Weekend Music Break No.112 – Zimbabwe Coup Edition

Robert Mugabe has conservative music tastes. He preferred—according to his old comrade Edgar Tekere—Cliff Richard over Bob Marley (Mugabe later referred to Rastafari as “… drunkards who are perennially high on marijuana”). He also bonded over Jim Reeves (listen to his former friend Wilf Mbanga tell a story about how they sang along to Reeves). Grace Mugabe likes gospel music. She was particularly fond of the more sober tones of local singers Fungisai Zvakavapano Mashavave and Mercy Mutsvene. (One aspect of Zimbabwe’s ruling ideology that still needs to be explored, is how spectacularly it combines Mao and Jesus.)

If you watched the inauguration of Mugabe’s successor, Emmerson Mnangagwa, he favors the Zimbabwean megastar, Jah Prayzah. Mnangagwa danced (well, briefly clapped) along to a performance of Jah Prayzah hit “Kutonga Kwaro” earlier today. (Mary, wife of coup organizer General Chiwenga, also danced along). Jah Prayzah likes to perform in military fatigues. The song is associated with the “Lacoste” faction (actually the name of the clothing label connects to Mnangagwa’s struggle name, “Crocodile”). The song talks about the arrival of a new hero. We suppose he meant Mnangagwa.

Here’s ten post-independence, pre-coup struggle songs that made first attempts at leadership change. And no, we’re not including Bob Marley’s “Zimbabwe.” Thanks to everyone who pitched in with suggestions or whose timelines on Twitter and Facebook we spied for inspiration. You’re thanked at the end*

A former liberation fighter, Solomon Skhuza, was popular in the late 1980s and early 1990s. He is remembered for “Love and Scandals,” a reggae-inflected song about the late 1980s Willowgate which implicated government ministers in a scandal buying imported cars at knockdown prizes and reselling them on the open market.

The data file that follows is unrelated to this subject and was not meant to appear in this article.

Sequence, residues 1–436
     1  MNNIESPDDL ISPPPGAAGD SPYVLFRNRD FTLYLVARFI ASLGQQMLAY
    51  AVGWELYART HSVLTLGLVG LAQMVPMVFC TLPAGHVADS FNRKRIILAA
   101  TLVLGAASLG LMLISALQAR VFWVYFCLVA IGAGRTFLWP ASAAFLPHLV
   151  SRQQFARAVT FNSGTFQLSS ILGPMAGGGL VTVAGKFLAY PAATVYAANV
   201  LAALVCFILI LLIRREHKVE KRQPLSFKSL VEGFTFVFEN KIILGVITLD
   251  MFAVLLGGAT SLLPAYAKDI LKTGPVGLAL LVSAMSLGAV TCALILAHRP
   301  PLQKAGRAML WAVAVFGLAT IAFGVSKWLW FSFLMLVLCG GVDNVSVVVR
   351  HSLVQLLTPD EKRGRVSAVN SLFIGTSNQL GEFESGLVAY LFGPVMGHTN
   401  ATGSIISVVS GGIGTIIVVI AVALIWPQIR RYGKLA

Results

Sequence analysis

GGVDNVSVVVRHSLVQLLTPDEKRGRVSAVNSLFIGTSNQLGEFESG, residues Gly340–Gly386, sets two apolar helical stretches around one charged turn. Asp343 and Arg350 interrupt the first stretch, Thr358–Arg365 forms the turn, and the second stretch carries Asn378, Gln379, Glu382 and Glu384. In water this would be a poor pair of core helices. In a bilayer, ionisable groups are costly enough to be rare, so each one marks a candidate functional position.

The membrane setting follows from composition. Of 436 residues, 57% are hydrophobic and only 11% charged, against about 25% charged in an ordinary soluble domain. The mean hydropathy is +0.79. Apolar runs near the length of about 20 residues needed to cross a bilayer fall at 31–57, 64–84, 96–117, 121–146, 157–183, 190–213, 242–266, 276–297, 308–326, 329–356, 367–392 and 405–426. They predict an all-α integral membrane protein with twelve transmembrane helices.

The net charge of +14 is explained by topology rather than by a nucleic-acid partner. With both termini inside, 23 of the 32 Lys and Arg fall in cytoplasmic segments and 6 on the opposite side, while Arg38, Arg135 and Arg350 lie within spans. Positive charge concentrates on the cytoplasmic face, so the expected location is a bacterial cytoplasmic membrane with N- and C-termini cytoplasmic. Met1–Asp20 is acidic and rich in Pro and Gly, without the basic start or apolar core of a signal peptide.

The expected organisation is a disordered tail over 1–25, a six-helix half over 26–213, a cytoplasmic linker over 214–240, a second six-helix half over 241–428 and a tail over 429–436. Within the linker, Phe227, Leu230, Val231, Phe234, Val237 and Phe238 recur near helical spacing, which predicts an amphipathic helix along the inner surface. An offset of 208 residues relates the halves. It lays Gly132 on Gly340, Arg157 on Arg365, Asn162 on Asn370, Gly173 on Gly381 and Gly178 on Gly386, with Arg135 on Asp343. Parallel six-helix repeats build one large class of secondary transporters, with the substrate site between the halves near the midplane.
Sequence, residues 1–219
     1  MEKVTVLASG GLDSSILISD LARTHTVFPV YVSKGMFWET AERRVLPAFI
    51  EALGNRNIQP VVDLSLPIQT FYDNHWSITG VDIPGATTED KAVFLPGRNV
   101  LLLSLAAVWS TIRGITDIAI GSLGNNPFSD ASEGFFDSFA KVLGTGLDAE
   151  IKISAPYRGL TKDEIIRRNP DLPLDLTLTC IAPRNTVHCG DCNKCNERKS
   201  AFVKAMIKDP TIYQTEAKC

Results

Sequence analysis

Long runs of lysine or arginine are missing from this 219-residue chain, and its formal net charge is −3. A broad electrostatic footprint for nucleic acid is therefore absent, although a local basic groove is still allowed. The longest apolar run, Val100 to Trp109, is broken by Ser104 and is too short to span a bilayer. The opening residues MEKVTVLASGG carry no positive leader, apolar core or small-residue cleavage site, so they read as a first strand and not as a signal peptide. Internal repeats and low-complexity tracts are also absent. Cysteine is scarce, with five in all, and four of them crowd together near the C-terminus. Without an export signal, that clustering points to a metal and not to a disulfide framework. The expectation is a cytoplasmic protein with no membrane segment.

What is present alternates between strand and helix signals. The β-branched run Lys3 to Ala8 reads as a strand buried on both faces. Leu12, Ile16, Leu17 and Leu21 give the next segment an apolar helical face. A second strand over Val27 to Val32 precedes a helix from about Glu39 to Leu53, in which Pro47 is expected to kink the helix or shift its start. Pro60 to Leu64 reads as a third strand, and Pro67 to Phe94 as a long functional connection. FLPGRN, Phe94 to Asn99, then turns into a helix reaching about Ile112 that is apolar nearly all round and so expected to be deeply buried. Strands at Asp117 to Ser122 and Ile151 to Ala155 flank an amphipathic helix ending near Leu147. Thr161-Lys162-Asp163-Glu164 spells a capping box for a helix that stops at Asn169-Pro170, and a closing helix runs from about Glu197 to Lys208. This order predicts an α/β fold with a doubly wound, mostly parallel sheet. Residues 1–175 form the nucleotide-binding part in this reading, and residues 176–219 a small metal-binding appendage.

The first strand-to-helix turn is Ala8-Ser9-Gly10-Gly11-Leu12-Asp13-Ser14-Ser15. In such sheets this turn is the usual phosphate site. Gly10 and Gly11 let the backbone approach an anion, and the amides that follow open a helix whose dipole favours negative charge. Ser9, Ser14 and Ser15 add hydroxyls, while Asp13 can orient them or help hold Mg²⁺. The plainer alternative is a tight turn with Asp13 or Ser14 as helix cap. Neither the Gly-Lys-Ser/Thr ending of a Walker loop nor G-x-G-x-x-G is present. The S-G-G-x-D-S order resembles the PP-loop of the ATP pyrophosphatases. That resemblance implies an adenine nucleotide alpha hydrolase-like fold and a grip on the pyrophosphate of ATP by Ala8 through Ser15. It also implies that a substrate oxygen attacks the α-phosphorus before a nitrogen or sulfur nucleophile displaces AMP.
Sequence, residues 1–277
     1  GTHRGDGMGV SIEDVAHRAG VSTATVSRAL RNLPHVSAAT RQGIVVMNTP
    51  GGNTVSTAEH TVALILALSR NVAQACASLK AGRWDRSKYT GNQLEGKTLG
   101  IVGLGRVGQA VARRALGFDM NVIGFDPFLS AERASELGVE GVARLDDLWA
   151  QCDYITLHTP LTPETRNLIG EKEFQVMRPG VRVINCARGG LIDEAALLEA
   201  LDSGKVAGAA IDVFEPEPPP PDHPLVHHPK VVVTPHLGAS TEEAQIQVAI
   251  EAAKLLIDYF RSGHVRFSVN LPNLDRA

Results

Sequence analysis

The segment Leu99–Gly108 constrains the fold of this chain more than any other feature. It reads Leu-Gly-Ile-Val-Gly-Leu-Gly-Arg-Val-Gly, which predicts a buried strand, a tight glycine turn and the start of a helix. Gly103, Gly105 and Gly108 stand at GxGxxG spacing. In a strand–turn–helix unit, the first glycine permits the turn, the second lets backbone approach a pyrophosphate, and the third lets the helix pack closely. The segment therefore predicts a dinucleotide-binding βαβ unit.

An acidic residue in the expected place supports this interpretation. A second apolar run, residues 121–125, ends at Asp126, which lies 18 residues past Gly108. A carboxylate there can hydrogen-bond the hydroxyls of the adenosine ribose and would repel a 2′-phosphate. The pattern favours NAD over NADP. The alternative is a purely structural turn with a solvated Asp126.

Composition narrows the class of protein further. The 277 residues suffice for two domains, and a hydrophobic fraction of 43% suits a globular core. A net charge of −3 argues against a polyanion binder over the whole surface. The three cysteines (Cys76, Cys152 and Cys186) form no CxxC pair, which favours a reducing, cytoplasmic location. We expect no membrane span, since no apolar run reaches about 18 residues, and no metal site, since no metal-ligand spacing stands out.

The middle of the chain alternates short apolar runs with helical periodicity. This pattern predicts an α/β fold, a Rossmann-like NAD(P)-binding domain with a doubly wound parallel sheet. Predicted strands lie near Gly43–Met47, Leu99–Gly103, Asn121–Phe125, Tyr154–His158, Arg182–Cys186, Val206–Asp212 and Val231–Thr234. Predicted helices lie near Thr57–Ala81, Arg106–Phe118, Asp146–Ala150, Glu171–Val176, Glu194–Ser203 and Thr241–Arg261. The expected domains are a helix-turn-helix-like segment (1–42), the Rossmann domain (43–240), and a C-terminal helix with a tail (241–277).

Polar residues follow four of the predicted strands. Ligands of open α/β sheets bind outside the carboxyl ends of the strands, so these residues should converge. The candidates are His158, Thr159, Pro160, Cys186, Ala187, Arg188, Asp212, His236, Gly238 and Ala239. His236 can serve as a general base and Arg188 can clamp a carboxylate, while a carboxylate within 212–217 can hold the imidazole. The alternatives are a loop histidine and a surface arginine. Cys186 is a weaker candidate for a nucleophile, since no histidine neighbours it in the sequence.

One of Zimbabwe’s superstars, Thomas Mapfumo, imprisoned by the Rhodesian regime and (self)-exiled into the United States in 2001, produced many songs critical of government. We have chosen “Corruption” from 1989.

Lovemore Majaivana’s “Umoya Wami” laments the lack of development in Matabeleland.

In “Mapurisa”, Andy Brown critiques police brutality. Later on, Brown, who died of AIDS in 2012, became a staunch supporter of Mugabe’s land reform polices.

From the late 1990s, Mugabe and ZANU-PF’s dominance faced a serious challenge from the Movement for Democratic Change. The MDC grew out of the trade unions and civil society, responding to Mugabe’s attempt to change the constitution and prolong his rule. Though the MDC beat Mugabe and ZANU-PF in subsequent elections, the combined might of the military, police, ZANU and state media led to its decline by the end of the 2000s. “Bhora Rembabvu” by Leonard Zhakata recalls the stiff competition (that’s what the title means) between the two parties.

In “Bvuma Wasakara”, Zimbabwe’s other superstar, Oliver Mtukudzi, sings “Admit, You Are Now Old.” Widely interpreted as a call to Mugabe to step down, it became MDC’s unofficial anthem in the early 2000s (we both happened to be in Zimbabwe when that song came out). 

Trade unionist and protest musician, Raymond Majongwe, ridiculed government ministers who believed to have “discovered” rocks producing oil in Chinhoyi in 2007 in “Dhiziri KuChinhoyi” 

Chiwoniso was married to Andy Brown. “Kurima”, from her 2008 “Rebel Woman” album, argues that the land reform program mainly benefited cronies.

In 2008, former MDC MP, Paul Madzore, sang that “Saddam Waenda Kwasara Bob” (“Saddam Hussein is gone, we are left with Bob”). Bob is Robert Mugabe.

In the first half of 2016, with the MDC decimated, protest mostly came from “civil society” groups. Chief amongst them was #ThisFlag, led by Pastor Evan Mawarire. A number of songs celebrated it. ”Simuka Zimbabwe,” by Privilege Gonah, implored Zimbabweans to wake up.

Asante sana! Aluta continua! The struggle continues.

*With thanks to Thembi Mutch, Henry Makiwa and Lizzy Attree for suggestions.

Sean Jacobs and Wendy Willems

Sean Jacobs is editor and founder of Africa Is a Country. Wendy Willems is assistant professor of media and communications at the London School of Economics.

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